“Where then is the boasting? It is excluded” (v. 27a). Paul earlier called Jews to task for relying on the law and boasting of their relationship to God (2:17), asking, “You who glory in the law, through your disobedience of the law do you dishonor God?” (2:23). The problem was not their observance of the law but their prideful attitudes. Now Paul says that boasting is excluded—in part because those who were given the law kept it imperfectly—but more fundamentally because we are “justified by faith apart from the works of the law” (v. 28). “It is the recognition that the purpose of the law is to produce faith and not works which eliminates such boasting” (Dunn).
“By what kind of law? Of works? No, but by a law of faith” (v. 27b). The phrases, “law of works” and “law of faith” (v. 27) “are not two different ways of viewing the Mosaic law, but two different covenant jurisdictions: an old, provisional one that based salvation on the human impossibility of doing the law, and a new, permanent one that offers salvation based on God’s doing through Christ’s death and the giving of his Spirit, appropriated on the human side by mere faith” (Gagnon, 20).
“We maintain therefore that a man is justified by faith apart from the works of the law” (v. 28—see also Galatians 2:16). Who could stand before God and ask to be justified by their works of the law? When we examine the great iconic figures of Jewish history—men such as Abraham and David—we see great men of faith—but we also see their clay feet. We all remember David’s adultery with Bathsheba—a sin that he tried to mask by having his faithful soldier, Uriah, killed at the front (2 Samuel 11). We are more likely to forget Abram trying to pass off Sarai as his sister for fear of Pharaoh. That lapse came on the heels of God’s promise to Abram, “I will make of you a great nation. I will bless you and make your name great. You will be a blessing. I will bless those who bless you, and I will curse him who curses you” (Genesis 12:2-3). How could Abram have had such a lapse on the heels of such a promise? While the Torah had not yet been given, it is clear that Abram knew that he was doing wrong. Such a man could not be justified by the “law of works,” but only by the “law of faith” (see Hebrews 11:8-12).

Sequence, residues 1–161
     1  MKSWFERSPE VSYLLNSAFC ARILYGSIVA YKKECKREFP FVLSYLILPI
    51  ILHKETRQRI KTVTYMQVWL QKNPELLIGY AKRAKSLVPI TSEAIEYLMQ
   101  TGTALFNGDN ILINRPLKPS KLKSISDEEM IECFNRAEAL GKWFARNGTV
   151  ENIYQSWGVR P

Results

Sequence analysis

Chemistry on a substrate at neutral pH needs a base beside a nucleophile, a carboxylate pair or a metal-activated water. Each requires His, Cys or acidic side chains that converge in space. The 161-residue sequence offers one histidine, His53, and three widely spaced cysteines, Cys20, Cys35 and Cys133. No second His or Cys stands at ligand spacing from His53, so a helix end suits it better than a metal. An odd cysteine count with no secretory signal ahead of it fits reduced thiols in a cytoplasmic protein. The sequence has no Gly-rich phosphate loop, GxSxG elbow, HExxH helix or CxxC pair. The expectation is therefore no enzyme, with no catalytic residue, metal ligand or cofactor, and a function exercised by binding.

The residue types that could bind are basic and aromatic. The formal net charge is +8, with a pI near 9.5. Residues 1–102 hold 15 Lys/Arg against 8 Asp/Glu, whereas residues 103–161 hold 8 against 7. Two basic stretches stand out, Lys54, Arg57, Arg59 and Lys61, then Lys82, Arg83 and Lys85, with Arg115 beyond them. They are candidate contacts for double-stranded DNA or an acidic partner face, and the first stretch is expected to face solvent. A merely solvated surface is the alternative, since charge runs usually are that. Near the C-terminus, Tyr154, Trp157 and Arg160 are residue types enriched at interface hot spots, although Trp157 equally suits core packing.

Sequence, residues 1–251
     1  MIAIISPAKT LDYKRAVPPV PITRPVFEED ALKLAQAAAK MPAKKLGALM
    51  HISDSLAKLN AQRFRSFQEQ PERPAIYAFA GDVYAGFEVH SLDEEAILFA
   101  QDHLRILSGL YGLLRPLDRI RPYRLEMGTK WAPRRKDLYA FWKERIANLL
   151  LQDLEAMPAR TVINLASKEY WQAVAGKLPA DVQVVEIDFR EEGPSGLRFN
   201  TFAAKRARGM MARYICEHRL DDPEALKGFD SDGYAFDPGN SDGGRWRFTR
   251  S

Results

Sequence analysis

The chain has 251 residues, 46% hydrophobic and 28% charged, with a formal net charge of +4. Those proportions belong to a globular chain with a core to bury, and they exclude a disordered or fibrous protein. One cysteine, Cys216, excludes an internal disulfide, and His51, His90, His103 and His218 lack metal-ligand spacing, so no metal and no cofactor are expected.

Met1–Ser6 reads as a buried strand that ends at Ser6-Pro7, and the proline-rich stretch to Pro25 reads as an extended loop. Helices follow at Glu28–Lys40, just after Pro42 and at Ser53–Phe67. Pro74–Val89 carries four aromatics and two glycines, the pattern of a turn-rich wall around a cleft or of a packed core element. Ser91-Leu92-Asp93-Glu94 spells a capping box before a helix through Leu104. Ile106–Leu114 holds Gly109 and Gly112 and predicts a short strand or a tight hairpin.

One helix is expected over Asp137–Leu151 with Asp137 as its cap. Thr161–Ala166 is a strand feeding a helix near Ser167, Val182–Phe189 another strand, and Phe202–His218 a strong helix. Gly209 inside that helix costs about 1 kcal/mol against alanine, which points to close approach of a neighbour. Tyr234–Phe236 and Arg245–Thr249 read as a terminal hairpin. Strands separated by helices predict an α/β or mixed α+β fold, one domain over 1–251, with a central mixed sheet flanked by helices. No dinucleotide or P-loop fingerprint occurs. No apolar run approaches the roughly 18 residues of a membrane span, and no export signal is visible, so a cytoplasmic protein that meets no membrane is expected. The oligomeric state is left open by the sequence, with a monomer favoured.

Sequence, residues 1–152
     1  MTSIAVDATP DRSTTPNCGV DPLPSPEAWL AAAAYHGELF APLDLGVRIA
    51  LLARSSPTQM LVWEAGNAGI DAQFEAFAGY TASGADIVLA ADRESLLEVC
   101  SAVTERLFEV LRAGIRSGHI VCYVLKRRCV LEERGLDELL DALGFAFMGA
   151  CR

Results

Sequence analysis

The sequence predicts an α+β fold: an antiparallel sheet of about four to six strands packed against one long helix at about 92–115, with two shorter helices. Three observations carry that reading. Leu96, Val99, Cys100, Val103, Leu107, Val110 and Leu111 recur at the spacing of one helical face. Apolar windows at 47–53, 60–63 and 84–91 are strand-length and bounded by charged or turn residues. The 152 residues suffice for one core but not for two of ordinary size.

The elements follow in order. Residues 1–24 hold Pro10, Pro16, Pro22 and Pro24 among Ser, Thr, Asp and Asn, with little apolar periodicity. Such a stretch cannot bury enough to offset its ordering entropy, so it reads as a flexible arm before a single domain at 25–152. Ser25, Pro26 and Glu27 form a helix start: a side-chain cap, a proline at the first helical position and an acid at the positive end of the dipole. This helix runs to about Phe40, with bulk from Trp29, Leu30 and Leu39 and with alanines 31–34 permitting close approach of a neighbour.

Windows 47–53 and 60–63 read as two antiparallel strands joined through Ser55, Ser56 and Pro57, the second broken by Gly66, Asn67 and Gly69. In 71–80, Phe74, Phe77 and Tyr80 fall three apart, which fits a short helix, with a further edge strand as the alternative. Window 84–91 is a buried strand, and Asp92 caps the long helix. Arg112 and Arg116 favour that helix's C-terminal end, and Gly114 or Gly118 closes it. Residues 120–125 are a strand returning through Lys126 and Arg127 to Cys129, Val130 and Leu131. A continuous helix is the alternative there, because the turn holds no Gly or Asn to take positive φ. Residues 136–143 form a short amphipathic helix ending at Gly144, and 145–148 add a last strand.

SCRIPTURE QUOTATIONS are from the World English Bible (WEB), a public domain (no copyright) modern English translation of the Holy Bible. The World English Bible is based on the American Standard Version (ASV) of the Bible, the Biblia Hebraica Stutgartensa Old Testament, and the Greek Majority Text New Testament. The ASV, which is also in the public domain due to expired copyrights, was a very good translation, but included many archaic words (hast, shineth, etc.), which the WEB has updated.
Craddock, Fred B.; Hayes, John H.; Holladay, Carl R.; and Tucker, Gene M., Preaching Through the Christian Year, A (Valley Forge: Trinity Press International, 1992)
Dunn, James D. G., Word Biblical Commentary: Romans 1-8, Vol. 38A (Dallas: Word Books, 1988)
Gagnon, Robert A.J., in Van Harn, Roger E. (ed.), The Lectionary Commentary: The Second Readings: Acts and the Epistles (Grand Rapids: William B. Eerdmans Publishing Company, 2001)
Gaventa, Beverly R. in Brueggemann, Walter; Cousar, Charles B.; Gaventa, Beverly R.; and Newsome, James D., Texts for Preaching: A Lectionary Commentary Based on the NRSV—Year A (Louisville: Westminster John Knox Press, 1995)
Jewett, Robert, in Van Harn, Roger E. (ed.), The Lectionary Commentary: The Second Readings: Acts and the Epistles (Grand Rapids: William B. Eerdmans Publishing Company, 2001)
Moo, Douglas, The New International Commentary on the New Testament: The Epistle to the Romans(Grand Rapids: William B. Eerdmans Publishing Company, 1996)
Morris, Leon, The Epistle to the Romans (Grand Rapids, Michigan: William B. Eerdman’s Publishing Co, 1988)
Mounce, Robert H., The New American Commentary: Romans, (Broadman & Holman Publishers, 1995)